By Rich Schneider, IU Communication Specialist
Indiana University-Purdue University Indianapolis’ sustainability director and Butler University’s sustainability coordinator will stand shoulder-to-shoulder Oct. 10 at a conference in Baltimore, where they will make a high-stakes three-minute pitch for a food-composting proposal they hope will bring the two campuses $50,000.
The proposal would create a collaborative large-scale composting collection program between the two Indianapolis universities as a means to catalyze a citywide composting program.
The IUPUI-and-Butler proposal is one of 226 that were submitted to Kimberly-Clark Professional’s “Sustainable Campus Competition LIVE” grant competition for colleges and universities. The joint proposal was selected as one of three finalists for the $50,000 grant the company will award to the winner.
Oberlin College and the University of Washington are the other two finalists in the competition.
The winning proposal will be announced live at the Association for the Advancement of Sustainability in Higher Education conference. The announcement by a panel of judges will come after the three finalists present their ideas to 3,000 people in attendance at the conference
Proposals had to fit into at least one of five categories: energy reduction, waste reduction, food-waste reduction, water usage and climate change. The IUPUI-and-Butler proposal fits three categories: waste reduction, food-waste reduction and climate change.
When the competition was announced in July, AASHE Executive Director Meghan Fay Zahniser said: “We are proud to support this competition and the opportunity it provides higher education institutions that are eager to advance sustainability goals. A prize of $50,000 has the potential to make a long-standing impact toward the advancement of sustainability for one lucky college or university.”
Jessica Davis, director of the IUPUI Office of Sustainability, and McKenzie Beverage, sustainability coordinator with Butler University, couldn’t agree more.
Beverage and Davis not only view the $50,000 award as the means that will enable the two campuses to grow their food composting programs, but it will allow businesses and other organizations in Indianapolis to do the same.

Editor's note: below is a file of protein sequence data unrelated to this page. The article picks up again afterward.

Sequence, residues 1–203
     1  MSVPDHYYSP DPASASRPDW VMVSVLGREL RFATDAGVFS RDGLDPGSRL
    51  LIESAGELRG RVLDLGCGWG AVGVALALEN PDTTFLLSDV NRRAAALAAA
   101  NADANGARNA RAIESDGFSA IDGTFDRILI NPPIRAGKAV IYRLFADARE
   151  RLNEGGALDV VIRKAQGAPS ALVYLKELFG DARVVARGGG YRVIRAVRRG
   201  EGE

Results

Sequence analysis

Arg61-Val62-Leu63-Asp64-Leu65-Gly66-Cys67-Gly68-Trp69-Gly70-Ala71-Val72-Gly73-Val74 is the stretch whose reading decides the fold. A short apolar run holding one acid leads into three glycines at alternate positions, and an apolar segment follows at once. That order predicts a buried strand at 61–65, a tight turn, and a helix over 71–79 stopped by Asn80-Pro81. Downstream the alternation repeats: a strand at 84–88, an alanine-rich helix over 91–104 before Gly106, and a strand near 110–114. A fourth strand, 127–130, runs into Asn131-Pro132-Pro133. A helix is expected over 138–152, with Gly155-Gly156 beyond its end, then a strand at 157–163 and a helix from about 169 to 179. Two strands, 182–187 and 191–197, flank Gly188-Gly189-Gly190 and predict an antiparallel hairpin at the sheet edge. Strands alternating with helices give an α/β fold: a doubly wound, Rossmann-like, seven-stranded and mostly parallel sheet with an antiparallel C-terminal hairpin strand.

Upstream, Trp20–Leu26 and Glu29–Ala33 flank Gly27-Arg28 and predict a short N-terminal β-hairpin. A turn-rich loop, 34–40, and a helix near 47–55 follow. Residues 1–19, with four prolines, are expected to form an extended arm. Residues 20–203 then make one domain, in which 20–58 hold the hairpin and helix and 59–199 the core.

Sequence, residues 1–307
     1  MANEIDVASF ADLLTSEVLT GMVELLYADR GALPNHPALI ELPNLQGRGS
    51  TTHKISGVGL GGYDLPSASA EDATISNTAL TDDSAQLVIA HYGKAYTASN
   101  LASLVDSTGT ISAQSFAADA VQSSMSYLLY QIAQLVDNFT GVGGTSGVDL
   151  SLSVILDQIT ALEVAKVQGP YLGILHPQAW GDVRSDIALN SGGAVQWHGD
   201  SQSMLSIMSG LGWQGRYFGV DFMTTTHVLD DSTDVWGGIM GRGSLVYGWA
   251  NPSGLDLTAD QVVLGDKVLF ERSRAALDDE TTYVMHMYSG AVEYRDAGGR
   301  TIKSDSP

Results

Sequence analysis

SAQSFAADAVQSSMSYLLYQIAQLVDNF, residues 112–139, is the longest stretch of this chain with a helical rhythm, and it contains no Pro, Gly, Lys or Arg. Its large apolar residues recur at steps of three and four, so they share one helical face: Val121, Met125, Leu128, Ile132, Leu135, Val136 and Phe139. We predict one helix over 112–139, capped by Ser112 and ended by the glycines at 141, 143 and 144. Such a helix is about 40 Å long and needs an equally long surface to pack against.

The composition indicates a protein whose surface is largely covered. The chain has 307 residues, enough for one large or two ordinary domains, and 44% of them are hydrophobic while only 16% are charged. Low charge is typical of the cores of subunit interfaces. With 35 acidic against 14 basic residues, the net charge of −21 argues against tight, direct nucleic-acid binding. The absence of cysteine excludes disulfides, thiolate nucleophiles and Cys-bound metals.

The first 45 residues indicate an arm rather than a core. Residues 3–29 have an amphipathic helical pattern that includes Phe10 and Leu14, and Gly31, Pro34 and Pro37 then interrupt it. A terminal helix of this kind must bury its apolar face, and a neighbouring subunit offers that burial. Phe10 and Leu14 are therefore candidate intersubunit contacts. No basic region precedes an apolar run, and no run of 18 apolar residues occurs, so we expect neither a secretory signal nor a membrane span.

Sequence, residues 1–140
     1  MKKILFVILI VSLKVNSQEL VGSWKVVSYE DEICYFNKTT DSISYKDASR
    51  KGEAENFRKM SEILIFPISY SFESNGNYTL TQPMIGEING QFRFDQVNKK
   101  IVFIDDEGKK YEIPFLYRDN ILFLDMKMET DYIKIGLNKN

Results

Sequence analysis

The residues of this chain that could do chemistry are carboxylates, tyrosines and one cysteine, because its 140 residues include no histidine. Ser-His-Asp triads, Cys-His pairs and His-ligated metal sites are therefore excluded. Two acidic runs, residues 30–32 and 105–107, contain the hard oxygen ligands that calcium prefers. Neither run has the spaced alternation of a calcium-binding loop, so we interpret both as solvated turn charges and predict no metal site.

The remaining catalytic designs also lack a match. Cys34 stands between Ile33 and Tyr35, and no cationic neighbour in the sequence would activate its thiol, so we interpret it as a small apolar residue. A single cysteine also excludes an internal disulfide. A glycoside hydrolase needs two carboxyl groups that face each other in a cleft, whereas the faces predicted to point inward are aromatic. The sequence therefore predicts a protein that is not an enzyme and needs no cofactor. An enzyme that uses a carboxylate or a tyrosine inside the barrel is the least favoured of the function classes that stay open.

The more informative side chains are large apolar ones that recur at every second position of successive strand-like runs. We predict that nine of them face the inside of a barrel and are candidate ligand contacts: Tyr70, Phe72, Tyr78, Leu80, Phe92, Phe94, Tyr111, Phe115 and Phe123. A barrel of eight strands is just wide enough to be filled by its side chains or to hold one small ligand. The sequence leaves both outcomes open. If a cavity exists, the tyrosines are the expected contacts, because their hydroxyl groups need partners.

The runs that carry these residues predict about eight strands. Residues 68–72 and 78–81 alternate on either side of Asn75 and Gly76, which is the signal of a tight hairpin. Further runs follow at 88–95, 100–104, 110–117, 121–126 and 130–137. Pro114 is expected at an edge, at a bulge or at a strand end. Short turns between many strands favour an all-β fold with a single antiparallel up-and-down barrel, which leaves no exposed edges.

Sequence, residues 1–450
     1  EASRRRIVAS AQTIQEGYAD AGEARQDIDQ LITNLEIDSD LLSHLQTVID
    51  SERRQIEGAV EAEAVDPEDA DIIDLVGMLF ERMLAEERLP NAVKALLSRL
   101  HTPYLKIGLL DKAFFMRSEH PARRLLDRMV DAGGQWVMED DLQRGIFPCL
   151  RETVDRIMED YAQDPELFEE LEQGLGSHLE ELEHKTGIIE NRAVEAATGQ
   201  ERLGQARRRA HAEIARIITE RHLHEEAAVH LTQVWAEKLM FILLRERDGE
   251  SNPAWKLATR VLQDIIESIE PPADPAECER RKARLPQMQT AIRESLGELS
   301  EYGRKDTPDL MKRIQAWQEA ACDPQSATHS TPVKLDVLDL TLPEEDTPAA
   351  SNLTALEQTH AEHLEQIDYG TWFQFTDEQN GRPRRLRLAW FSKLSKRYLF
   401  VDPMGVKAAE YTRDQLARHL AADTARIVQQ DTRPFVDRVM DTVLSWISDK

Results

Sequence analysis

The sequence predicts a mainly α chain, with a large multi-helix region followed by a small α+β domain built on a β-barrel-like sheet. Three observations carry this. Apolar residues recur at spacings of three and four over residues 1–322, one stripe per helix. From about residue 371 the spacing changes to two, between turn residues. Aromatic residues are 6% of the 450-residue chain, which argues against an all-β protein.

The two sustainability experts not only view the $50,000 award as the means that will enable the two campuses to grow their food-composting programs, but as a way to allow businesses and other organizations in Indianapolis to do the same.
The uniqueness of their proposal lies in its collaborative nature and its ability to influence local and statewide policy. “We know of no other universities that have partnered to develop a compost hauling route to service both campus and community by creating demand for a service that does not yet exist,” Davis and Beverage said.
Butler piloted a composting program in 2015, composting 800 pounds of pre-consumer food waste weekly. IUPUI launched a dining-hall composting program this semester.
Both programs collect back-of-the-house food waste that comes from preparing food. And both programs are stuck, in terms of not being able to collect greater amounts of food waste or expand composting efforts to include leftover food from campus events or in dining halls.
The problem: There is no large-scale commercial compost hauling service in Indianapolis that could increase the amount of food waste collected at the campuses beyond the 800 pounds at week and do so at an affordable price. No business exists in that market, Davis said.
“Other organizations are stuck at the minimum level as well, and the rest of the food waste is going into trash,” Davis said. “It’s a problem for us and a problem for Indianapolis.”
That problem was recognized by the Indiana Food Scrap Initiative, formed in 2015 to address barriers to food-waste rescue and reuse in Indianapolis. The organization, which includes Butler University, IUPUI, industry stakeholders, government representatives and other organizations, identified the creation of shared composting collection routes as a high-priority opportunity.
“When the Butler and IUPUI sustainability offices saw this grant, we saw a great opportunity to solve a problem that not only IUPUI has, and Butler University has, but that is a citywide problem,” Davis said. “We decided to co-apply for the grant and use the funds to essentially subsidize the cost of a commercial hauling route until we can get enough partners on board to drive the costs down to the point where it is reasonable.”
“Hopefully, we will be coming back with a $50,000 check,” Davis said. “That’s when the real work begins.”